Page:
Large exit pupils when accompanied with a generous eye relief (18mm or more) have the key benefit of allowing for proper eye rotaion (bonocular convergance). The proper way of holding binoculars is to position your eyes' rotation center at the exit pupil. This is not possible as you noted if the binoculars have short eye relief: any eye rotation will lead to pupil shearing which then leads to light loss and abbarations.


The eye rotates about its centre but the pupil is at a radius of 11-12 mm, so even a diversion of 10° is going to result in a lateral movement of the pupil of about 2 mm. Binoculars for military use have been made in formats such as 8x60 and 10x80 and I don't think think they were intended for use by 10 year-olds with 8 mm pupils!

Exactly as you said. When I buy/use a riflescope, I make sure that it has at least 10mm exit pupil diameter. It has nothing to do with my eye pupil dialation; it is about comfortable eye placemant behind the eyepiece.

Perceived luminance does not grow proportionally to pupil dialation (i.e., it is not proportional to pupil area) due to a phenomenon known as Stiles–Crawford Effect. The "percieved luminance" decreases quickly as a function of distance from the center of the pupil. Your 7X42 provide a beautiful view due to other ergonomic and physiological factors one of which is the effect I explained above. Other reasons remain to be explored..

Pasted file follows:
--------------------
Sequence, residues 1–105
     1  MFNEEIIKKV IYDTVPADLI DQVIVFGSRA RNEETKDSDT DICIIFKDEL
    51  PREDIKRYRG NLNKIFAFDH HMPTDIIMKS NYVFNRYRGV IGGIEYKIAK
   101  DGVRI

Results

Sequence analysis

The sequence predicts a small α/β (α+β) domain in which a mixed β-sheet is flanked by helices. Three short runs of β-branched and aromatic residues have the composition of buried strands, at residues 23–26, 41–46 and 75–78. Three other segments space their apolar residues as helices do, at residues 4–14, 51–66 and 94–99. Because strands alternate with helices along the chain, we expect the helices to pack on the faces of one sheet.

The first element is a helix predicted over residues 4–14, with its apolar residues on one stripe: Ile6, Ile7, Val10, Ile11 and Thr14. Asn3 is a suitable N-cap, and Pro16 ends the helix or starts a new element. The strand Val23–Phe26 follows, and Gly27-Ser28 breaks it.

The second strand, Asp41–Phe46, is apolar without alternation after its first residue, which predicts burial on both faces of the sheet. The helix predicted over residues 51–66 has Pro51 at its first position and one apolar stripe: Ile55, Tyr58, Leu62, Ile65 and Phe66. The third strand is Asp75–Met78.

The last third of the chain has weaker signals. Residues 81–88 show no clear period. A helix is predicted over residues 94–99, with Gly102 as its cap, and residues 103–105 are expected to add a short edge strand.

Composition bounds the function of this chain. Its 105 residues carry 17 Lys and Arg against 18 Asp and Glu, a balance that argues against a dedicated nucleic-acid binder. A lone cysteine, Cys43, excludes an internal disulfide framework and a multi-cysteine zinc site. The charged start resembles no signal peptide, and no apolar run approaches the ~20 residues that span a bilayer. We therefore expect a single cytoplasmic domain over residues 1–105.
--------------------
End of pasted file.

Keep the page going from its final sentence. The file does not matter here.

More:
There is much more to binoculars/human-vision interaction than the classical theories of magnification, brightness and exit pupil. I have explored a few such topics in the thread called New Horizons II.

Finally, I agree with you that the new Swarovski 8X56 SLC provides outstanding views. This view is not duplicated in the 10X56 and 15X56 models.

-Omid